To mark Black History Month 2022, Live & Local has chatted to Ishi Khan about how her personal journey influences her artistic practice and what Black History Month means to her.
Internationally acclaimed, multi-award nominee comedian, Ishi Khan is based in Leicestershire. A performing artist/writer/ theatre maker/ event producer, MC and tree climber are some of her many hats. Her work is inspired by emotive responses to current affairs. It is modern-contemporary juxtaposed with traditional storytelling. She uses humour to connect & engage diverse communities, encourage dialogue and expression.
Hi Ishi. You say that your show Ishi Khan: I’m Migrant explores belonging by drawing on personal experience as a Zambian migrant with Indian ancestry in Brexit Britain - could you tell us a little bit about your personal journey?
It gives me a perspective from different cultures of navigating the world, I think one of the ways this comes through in the I’m migrant show for instance is when audiences come out of the show going "Oh, we experience that too” because there are certain bits when I talk about Catholicism and Islam and it’s the first time they actually realise the similarities between the two religions or when I talk about my grandma and people come out and they go “Oh yes, that’s like my grandma”. I think it helps people connect better than they have done perhaps in the past. Here’s the thing: I think division and prejudice in society happens through ignorance and it really comes about because it’s a lot easier to hate a group of people but when we meet an individual from that group and we make connections it’s a lot harder because we start to recognise that we actually quite like that person.
What does Black History Month mean to you?
Growing up in Zambia I got this African part of me that for many years - and it’s only until recently, until lockdown - that I wanted to keep hidden because of Africa’s stereotype in the West: famine, decease, poverty, receiving Nigerian emails asking for money, theft, corruption, you name it . . .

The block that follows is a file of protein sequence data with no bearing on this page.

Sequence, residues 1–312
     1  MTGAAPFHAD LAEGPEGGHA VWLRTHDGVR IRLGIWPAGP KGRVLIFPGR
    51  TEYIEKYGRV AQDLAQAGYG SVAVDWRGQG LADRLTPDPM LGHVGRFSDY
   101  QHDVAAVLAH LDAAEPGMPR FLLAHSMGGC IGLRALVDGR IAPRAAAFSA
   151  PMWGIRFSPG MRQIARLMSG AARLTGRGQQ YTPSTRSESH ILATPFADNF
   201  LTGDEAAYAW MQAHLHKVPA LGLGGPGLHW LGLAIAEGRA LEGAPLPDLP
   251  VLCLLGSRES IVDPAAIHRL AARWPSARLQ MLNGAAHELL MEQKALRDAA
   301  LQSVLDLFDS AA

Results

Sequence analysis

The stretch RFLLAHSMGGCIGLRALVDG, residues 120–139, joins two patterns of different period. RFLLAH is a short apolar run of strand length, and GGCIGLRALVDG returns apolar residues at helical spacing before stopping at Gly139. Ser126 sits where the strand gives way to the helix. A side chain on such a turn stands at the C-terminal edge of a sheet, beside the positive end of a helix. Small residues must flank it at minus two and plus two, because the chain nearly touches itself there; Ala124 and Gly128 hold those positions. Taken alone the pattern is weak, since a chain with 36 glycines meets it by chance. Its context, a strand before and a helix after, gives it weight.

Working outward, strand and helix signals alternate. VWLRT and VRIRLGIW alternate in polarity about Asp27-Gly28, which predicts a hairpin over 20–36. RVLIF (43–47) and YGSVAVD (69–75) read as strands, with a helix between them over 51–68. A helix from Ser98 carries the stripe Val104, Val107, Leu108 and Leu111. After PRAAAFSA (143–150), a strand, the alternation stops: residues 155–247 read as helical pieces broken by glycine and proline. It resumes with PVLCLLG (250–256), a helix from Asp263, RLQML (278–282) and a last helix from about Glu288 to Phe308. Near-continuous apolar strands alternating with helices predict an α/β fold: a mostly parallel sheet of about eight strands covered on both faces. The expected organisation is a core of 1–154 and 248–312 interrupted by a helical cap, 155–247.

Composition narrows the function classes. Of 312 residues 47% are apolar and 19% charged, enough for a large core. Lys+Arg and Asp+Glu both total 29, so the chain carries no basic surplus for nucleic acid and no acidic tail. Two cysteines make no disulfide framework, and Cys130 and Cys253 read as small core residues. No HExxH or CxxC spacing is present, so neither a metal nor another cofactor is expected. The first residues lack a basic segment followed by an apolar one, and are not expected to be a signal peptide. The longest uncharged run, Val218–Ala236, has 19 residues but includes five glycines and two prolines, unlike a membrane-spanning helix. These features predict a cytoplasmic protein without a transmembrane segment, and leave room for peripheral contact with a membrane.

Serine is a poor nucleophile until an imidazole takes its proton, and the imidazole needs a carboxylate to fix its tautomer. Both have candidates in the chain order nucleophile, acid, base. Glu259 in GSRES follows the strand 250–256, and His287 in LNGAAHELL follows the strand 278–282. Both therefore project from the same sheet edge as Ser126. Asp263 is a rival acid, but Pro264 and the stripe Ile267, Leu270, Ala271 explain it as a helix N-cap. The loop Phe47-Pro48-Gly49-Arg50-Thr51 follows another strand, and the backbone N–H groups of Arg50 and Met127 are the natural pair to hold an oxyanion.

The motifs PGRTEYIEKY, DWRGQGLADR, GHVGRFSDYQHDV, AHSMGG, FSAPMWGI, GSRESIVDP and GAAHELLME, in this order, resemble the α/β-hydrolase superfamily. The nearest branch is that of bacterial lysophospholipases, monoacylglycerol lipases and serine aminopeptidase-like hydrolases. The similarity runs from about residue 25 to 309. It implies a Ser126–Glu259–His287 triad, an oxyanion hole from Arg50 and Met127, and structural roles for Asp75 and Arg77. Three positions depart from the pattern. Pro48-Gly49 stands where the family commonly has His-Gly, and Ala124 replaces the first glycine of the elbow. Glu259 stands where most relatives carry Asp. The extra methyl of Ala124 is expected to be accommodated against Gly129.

For me, Black History Month is very important, and while I think it’s great that there’s a month, I also feel like it should be more than that. For me it connects with the history of Africa. There are so many elements that people are not aware of, also because they have been kept hidden: for instance, Shaka Zulu being one of the biggest warriors the planet has known and the threat he posed to the British Empire. The way he organised his army (see bull horn formation) is still used today in Western armies. We grew up in school learning about Shaka Zulu as this mighty warrior but when I came to the UK and I mentioned him in comedy improv class I realised people don’t know him.
Can you imagine if more kids learned that at school? They would grow up with a pride about their African heritage instead of what I had to do which is hide them in order to fit in.
The pandemic led to a global polarisation of opinions on the vaccine, people feeling excluded for being part of one side or the other. I think there’s an opportunity now to be more compassionate and empathise with a lot of the communities or parts of society that have been experiencing exclusion for a much longer time already for other reasons. For a lot of us, hiding an aspect of our own identity has been part of our lives.
What would you like to tell your younger self?
The journey I’ve been on has moulded who I am and I think that was good and I wouldn’t want to miss anything.
What changes, if any, in the cultural sector would you like to see happening to support greater diversity?
The first step is always to recognise that there is an inequality and being aware of it. Since the pandemic, I feel that there is a big shift in understanding that and luckily things are starting to shift in the right direction now. But not long ago in the cultural sector, doors were not always open and some positions and spaces were and still sometimes are not accessible. What we need a more neutral spaces for artists. Comedy often takes place in pubs for example. For a Muslim community or even females, this is not a neutral space. This is something I’ve enjoyed and appreciated at the Live & Local Developing Artists in Rural Touring Scheme: the chosen space*was very much a neutral and open one.
I also think representation matters a lot, thinking of the new film version of Disney’s Little Mermaid and how outraged so many people were in their reaction. But through this so many little girls are going to feel represented. It’s really important that every colour, shape and size of body is being represented in everyday life
*Whittington Community Hall, read the summary of the day here: DART Day 12.07.2022 – BLOG
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